Oahu’s largest wastewater pump station was unattended before a mechanical failure there led to half a million gallons of raw sewage overflowing in August.
That’s among the questions the city has finally answered months after Always Investigating first started asking about staffing on the day of the spill.
It happened at the Ala Moana pump station when one pump was down for maintenance and another failed early Aug. 24.
The city had told us not enough staffing left them unable to check every manhole that was overflowing, but the city’s own trouble call notes that many sites — from streets to private business and residential — were awash in raw waste.
In addition to the fact that the Ala Moana pump station operator was not present at that site, we found out that a predawn alarm about the overflow was going off at a separate facility that was staffed, but no one alerted the person in charge of making the Ala Moana pump station operate smoothly.
This week, the city’s responses to our questions from earlier this fall arrived, and it turns out the Ala Moana pump station operator was not present at that site. The city says they don’t have to staff Ala Moana 24 hours a day because of offsite monitoring at the Sand Island Supervisory Control and Data Acquisition System (SCADA).
The state Department of Health says while someone may be working at the time, but not physically located at a particular pump station, “major pump stations are routinely staffed 24 hours a day.”
Ala Moana is major. It’s the largest pumping system on Oahu, handling the waste of half the island’s population, flowing tens of millions to more than 100 million gallons daily.
Turns out that person was at the Kahala pump station instead all shift. The city says that’s because it was under repair for a sinkhole and broken pipe, deemed a higher risk at that time.
“(Ala Moana is) a huge pump station. It should be staffed 24 hours,” said Marti Townsend of Sierra Club of Hawaii. “There should already be the bypass pumps in place, and if they’re not there, now this is an immediate urgent thing the city needs to be sure gets implemented right away.”
Our questions led to us finding out no bypass pump was implemented, the city says, because that would have taken days. But a longstanding mandate from the EPA after the big Waikiki overflow last decade says portable pumps should be part of the contingency plan at Ala Moana.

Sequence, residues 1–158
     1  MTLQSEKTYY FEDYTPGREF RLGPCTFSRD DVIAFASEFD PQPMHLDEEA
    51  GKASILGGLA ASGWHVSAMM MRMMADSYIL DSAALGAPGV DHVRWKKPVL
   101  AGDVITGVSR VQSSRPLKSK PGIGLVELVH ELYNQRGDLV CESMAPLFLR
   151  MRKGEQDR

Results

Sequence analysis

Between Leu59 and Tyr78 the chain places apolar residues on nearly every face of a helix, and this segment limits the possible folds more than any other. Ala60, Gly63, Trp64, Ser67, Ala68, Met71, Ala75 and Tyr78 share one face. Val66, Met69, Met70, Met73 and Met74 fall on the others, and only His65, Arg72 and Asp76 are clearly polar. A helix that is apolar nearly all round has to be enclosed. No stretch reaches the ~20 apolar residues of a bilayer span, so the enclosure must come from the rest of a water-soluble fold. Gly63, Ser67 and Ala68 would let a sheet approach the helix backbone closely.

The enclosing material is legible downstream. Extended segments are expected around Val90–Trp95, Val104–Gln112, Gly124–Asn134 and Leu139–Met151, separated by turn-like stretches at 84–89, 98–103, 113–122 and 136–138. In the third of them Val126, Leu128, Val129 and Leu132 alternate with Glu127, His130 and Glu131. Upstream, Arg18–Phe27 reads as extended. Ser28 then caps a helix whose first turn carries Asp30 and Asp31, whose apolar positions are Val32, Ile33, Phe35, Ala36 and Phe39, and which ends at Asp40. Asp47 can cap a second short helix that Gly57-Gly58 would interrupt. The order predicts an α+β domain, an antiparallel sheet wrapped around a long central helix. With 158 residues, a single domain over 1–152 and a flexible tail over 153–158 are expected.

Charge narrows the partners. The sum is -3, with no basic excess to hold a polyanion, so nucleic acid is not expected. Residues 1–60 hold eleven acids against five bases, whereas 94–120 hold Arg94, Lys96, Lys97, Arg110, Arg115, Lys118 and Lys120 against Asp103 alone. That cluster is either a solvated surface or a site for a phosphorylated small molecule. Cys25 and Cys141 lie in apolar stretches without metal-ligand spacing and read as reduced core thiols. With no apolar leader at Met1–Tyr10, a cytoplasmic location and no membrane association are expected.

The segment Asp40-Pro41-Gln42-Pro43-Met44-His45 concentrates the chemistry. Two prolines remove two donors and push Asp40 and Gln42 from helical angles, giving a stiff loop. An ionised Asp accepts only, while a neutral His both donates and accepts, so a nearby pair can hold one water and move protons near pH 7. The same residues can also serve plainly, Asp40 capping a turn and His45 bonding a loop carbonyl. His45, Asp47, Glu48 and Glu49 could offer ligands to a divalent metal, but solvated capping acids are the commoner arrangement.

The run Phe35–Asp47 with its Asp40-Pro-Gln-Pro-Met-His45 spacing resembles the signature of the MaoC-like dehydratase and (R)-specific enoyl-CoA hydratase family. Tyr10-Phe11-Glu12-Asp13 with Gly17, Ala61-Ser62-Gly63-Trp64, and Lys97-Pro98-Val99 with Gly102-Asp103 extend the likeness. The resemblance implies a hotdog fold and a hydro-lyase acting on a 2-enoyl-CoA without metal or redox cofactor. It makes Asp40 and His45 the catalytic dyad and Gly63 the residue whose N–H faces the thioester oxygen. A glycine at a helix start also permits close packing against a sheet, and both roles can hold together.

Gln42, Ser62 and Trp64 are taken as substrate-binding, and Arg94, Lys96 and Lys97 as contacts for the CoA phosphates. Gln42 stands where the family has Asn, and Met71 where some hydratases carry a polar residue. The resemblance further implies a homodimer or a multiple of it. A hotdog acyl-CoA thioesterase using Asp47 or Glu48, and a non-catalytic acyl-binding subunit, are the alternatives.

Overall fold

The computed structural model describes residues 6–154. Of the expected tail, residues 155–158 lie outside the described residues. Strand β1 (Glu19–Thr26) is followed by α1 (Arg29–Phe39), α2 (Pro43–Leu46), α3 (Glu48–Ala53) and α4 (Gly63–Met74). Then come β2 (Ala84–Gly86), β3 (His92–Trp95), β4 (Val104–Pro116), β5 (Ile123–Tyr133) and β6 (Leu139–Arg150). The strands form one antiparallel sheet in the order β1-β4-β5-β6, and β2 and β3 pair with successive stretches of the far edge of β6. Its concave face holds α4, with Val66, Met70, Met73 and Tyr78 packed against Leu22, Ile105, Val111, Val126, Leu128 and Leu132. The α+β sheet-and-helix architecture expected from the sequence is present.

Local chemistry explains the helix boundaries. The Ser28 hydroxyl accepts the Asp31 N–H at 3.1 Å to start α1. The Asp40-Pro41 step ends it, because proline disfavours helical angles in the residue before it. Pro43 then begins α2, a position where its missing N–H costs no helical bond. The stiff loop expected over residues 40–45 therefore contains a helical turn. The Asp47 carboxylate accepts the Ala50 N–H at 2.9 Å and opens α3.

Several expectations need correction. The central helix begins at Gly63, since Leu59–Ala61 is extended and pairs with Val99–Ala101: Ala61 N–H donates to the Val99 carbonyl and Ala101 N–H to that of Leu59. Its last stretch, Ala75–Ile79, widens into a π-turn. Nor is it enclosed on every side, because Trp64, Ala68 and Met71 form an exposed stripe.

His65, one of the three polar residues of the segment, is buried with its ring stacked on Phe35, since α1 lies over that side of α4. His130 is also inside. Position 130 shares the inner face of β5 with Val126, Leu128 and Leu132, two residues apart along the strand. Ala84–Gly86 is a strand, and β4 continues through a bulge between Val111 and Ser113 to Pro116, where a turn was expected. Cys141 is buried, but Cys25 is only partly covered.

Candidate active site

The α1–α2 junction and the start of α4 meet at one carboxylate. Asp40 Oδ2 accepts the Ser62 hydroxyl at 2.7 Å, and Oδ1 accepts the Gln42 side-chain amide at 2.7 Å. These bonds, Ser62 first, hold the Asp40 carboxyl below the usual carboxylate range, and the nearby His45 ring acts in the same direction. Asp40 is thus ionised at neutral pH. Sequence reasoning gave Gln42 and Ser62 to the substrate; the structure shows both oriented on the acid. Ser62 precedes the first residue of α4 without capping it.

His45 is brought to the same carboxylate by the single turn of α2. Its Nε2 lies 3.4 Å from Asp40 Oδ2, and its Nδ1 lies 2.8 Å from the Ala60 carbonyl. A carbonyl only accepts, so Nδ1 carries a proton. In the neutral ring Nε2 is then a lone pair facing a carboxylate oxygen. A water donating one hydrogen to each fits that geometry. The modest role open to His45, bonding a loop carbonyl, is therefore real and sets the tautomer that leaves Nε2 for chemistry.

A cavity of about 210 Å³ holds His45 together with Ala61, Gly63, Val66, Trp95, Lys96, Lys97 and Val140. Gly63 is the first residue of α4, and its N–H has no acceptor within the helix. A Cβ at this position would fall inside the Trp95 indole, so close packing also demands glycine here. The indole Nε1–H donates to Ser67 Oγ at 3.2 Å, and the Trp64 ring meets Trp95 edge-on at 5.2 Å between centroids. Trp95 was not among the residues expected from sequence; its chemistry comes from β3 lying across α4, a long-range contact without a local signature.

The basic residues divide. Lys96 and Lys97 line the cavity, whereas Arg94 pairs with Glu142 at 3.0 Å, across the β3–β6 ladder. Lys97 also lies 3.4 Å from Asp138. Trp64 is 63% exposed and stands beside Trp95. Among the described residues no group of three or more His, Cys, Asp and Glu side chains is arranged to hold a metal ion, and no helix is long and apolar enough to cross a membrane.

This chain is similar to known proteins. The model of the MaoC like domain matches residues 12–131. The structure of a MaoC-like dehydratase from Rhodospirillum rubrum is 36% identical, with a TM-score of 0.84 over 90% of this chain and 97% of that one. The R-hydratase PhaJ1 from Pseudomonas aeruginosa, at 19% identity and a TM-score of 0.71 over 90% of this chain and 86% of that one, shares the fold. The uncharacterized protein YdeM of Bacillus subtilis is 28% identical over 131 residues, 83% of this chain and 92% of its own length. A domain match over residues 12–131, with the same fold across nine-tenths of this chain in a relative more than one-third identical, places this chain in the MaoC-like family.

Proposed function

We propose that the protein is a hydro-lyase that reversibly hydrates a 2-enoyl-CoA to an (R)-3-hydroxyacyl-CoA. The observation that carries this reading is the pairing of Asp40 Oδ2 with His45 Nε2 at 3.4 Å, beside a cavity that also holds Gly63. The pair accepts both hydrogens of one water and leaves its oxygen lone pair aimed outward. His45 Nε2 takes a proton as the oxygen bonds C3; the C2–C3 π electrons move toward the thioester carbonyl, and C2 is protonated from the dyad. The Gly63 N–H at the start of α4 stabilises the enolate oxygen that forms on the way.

Also we uncovered no call was made to the Ala Moana operator after an Ala Moana alarm went off around 5 a.m. at the Sand Island SCADA, hours before police had to call the city from the Atkinson flood to alert them the system was overflowing.
“(It’s) unbelievable to think of what could have happened if we addressed the spill when alarms started going off versus two hours later,” Townsend said. “If we’re going to be using technology to help us make judgment calls about whether there’s an emergency, then we need to make sure that we actually listen to those alarms. We can’t let that kind of situation happen again where alarms are going off and we’re not reacting.”
The city now says staffing was within the normal range that day and that “bringing in more workers would not increase the effectiveness of cleaning up a spill.” The city already had nearly half its Vactor and cesspool trucks dedicated to just Atkinson Boulevard.
The city concluded its answers to us by saying “the Department of Environmental Services is always assessing its policies and procedures to improve response times” but that “ENV staff and truck operators acted properly and followed protocol in responding to the severe rain storm that day and put all available resources into place to stop the spill.”
The state Department of Health is investigating what happened with the spill but can’t give us the results yet because of “possible enforcement and ongoing investigation” and a potential settlement expected next month. We’ll report on that when they release the details.
“The goal of this entire regulatory oversight process and investigation is for us to figure out definitively what the shortfalls were and address those,” Townsend said, “and make sure that we can fix them so it never happens again.”